Is there an electric motorcycle in your future? Quite possibly. It's estimated that by 2016, there will be 466 million electric motorcycles on the road, and while the vast majority of them are slated for the Chinese market, there's no doubt that some proportion will end up here, especially since American manufacturers like Brammo, Zero and MotoCzysz are at the forefront of the technology.
E-Bikes are nothing new. One of the earliest, the Humber Tandem, was built in 1898, and while I'm not quite old enough to recall that particular model, I did ride a prototype Corbin Electric motorcycle in the summer of 1974. While the machine certainly had a few bugs, the concept-even at the time-struck me as being an extremely viable one.
Electric motorcycles (and by that I mean a motorcycle powered solely by a battery pack, as opposed to a hybrid) have a lot going for them. Electric motors are relatively cheap to run, require practically no maintenance, and emit no tail pipe emissions-and yes, that includes noise as well as hydrocarbons. All of which makes them an attractive alternative to fossil-fueled bikes, and even more so when the main considerations are ease of operation and a small environmental footprint. Furthermore, they produce maximum torque at all times, which obviates the need for pesky torque multiplication and transfer devices like clutches and transmissions. In fact, the MotoCzysz E1pc (which, granted, is the motorcycling equivalent of the Ferrari F-430) produces 250 lb-ft of torque. That's more than double what a Ducati 1198 pumps out.
To their detriment, the current crop of electric motorcycles are relatively expensive when compared to gasoline-powered equivalents. In broad strokes, the average price hovers around the $10,000 range, and the performance is equal to about what you'd get out of your average 150 to 250cc utility bike.
Another problem is the electric motorcycle's range, or lack thereof. On average, electrics manage about 40 miles between recharges, a problem compounded by the fact that the bikes can take anywhere from 2.5 to 8 hours to recharge. That's the deal breaker for me, but I'd expect it's not when the bike is used strictly as a commuter.
Lastly, I'd point out that some testers have complained that certain electric motorcycles exhibit a "notchy," difficult-to-modulate throttle. Since this seems to be peculiar to individual models, I'll assume it's a detail problem.
At this stage, e-bikes seem have fallen into two broad categories. First and foremost are the commuter utility bikes. According to the DOT, the average American drives less than forty miles per day, so an e-bike's lack of range isn't that big a consideration, and since they require no special skills to operate, anyone that's reasonably coordinated can learn to ride one. All the bikes can be recharged via a standard 110AC outlet so costs are minimal. To underscore that, I understand some Wal-Marts have already installed free parking lot recharging stations to encourage the use of electric vehicles. Presumably, the cost of the recharge-typically a few pennies-is outweighed by what drivers would spend in the store.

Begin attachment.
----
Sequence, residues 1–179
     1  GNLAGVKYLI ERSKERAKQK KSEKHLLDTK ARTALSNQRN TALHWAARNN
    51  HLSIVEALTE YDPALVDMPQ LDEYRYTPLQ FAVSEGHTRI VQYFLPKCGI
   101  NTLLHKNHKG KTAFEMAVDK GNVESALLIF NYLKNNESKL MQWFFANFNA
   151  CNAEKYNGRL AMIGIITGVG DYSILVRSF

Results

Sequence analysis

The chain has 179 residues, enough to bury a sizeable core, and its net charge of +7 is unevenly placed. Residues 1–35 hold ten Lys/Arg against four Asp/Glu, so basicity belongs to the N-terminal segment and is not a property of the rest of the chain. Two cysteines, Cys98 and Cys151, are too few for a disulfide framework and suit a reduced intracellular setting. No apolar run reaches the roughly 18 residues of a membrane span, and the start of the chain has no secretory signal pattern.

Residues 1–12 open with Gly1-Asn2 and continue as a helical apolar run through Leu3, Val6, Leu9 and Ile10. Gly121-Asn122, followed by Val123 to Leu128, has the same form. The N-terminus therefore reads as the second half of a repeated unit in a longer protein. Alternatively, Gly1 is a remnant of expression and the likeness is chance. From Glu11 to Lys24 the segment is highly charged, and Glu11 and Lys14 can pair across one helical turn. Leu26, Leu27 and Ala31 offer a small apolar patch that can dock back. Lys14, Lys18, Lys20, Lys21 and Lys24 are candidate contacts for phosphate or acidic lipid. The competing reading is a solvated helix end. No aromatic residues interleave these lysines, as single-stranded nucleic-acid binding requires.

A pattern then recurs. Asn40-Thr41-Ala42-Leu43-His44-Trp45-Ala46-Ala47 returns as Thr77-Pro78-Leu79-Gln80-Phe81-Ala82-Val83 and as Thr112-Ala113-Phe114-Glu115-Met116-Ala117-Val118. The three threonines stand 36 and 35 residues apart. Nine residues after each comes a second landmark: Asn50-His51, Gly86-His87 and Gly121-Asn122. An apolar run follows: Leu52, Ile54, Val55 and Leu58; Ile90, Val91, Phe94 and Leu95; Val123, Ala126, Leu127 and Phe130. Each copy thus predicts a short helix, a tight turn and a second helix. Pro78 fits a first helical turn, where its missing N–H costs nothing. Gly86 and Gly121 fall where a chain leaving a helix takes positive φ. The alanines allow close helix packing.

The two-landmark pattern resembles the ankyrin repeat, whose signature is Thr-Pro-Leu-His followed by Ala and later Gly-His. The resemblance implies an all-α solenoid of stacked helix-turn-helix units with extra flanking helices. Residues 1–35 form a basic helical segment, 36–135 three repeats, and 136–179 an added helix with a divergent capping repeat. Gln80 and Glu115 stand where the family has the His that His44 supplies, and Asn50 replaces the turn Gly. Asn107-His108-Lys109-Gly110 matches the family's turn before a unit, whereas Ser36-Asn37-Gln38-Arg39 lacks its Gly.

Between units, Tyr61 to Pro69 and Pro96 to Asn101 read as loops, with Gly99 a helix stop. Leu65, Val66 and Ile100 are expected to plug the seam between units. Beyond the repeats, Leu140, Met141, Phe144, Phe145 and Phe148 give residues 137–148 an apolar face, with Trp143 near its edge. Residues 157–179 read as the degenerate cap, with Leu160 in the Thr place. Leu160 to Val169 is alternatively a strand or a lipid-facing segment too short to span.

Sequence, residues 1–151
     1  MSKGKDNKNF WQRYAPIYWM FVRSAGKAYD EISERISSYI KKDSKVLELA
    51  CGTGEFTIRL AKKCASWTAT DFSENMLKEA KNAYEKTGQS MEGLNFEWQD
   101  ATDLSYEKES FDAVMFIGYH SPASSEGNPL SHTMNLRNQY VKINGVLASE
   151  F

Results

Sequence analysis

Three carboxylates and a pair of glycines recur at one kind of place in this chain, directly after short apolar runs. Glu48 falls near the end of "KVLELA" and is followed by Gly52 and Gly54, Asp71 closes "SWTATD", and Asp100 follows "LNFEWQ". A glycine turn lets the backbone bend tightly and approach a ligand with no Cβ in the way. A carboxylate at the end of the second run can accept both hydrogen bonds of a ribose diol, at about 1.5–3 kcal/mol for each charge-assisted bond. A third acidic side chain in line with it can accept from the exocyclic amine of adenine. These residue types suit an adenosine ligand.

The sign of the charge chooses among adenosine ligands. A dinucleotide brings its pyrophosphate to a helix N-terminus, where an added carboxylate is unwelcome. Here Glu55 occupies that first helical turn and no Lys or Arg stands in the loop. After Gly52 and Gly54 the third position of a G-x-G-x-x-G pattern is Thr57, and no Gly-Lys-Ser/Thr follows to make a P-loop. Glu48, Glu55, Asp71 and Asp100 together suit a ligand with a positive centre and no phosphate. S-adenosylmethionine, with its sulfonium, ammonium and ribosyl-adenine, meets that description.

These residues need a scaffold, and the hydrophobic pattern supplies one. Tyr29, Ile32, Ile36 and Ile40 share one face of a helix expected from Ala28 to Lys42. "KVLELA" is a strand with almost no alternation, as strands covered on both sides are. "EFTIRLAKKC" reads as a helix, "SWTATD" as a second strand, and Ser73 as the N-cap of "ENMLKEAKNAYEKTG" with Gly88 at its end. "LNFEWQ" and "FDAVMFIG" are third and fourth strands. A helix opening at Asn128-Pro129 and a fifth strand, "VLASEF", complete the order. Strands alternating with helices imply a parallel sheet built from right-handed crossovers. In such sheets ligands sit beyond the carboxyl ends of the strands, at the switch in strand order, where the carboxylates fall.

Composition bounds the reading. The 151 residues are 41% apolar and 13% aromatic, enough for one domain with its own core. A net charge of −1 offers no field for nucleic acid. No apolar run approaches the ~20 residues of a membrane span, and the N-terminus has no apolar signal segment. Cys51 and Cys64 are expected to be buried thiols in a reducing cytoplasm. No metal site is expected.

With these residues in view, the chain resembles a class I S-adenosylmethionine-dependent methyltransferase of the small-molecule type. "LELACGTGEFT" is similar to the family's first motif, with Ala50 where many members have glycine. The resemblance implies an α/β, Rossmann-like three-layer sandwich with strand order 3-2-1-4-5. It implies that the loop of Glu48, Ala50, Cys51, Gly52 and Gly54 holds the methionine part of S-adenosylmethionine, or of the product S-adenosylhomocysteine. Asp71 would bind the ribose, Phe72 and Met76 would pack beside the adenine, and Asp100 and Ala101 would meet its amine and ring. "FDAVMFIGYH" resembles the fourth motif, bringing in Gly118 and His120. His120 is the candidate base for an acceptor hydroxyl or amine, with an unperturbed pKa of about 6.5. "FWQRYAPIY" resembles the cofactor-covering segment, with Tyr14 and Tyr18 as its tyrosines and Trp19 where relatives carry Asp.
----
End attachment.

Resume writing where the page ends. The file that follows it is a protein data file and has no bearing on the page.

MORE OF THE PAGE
The secondary market would be for sporting bikes, and this includes both on and off-road versions. Off-road electrics are appealing on several levels, but mostly for their seamless torque delivery. The Zero X off-road bike produces 50 lbs-ft of torque and weighs just 172 pounds, which compares very favorably with the Honda CRF450, whose numbers are 37.5 lbs-ft of torque and 234.8 pounds. It goes without saying that the electric requires far less maintenance and since there's no transmission or complicated starting ritual, the bikes are much easier for novice riders to learn to use.
Riding time is limited to two hours or forty miles, which is problematic for some types of off-road use, but that will certainly improve. Since many land-closure questions revolve around environmental issues, an electric motorcycle, with its miniscule carbon footprint and nearly silent operation, would seem to be a natural solution for both trail riders and moto-crossers.
Electric sportbikes also look promising. MotoCzysz is a little less mainstream, but others, including the Brammo Empulse series, which is capable of over 100 mph and 60 - 100 miles per charge, and the Zero S, appear to be viable alternatives.
How electric motorcycles will affect the cruiser market is an open question. Excluding the technical aspects, which are solvable given enough time, an electric bike just wouldn't have the right look, feel or sound. While those intangibles may not matter as much to off-road and sportbike riders, they matter a great deal to cruiser riders who in the main are traditionalists. Whether electric motorcycles can "shock" them into a new way of thinking remains to be seen.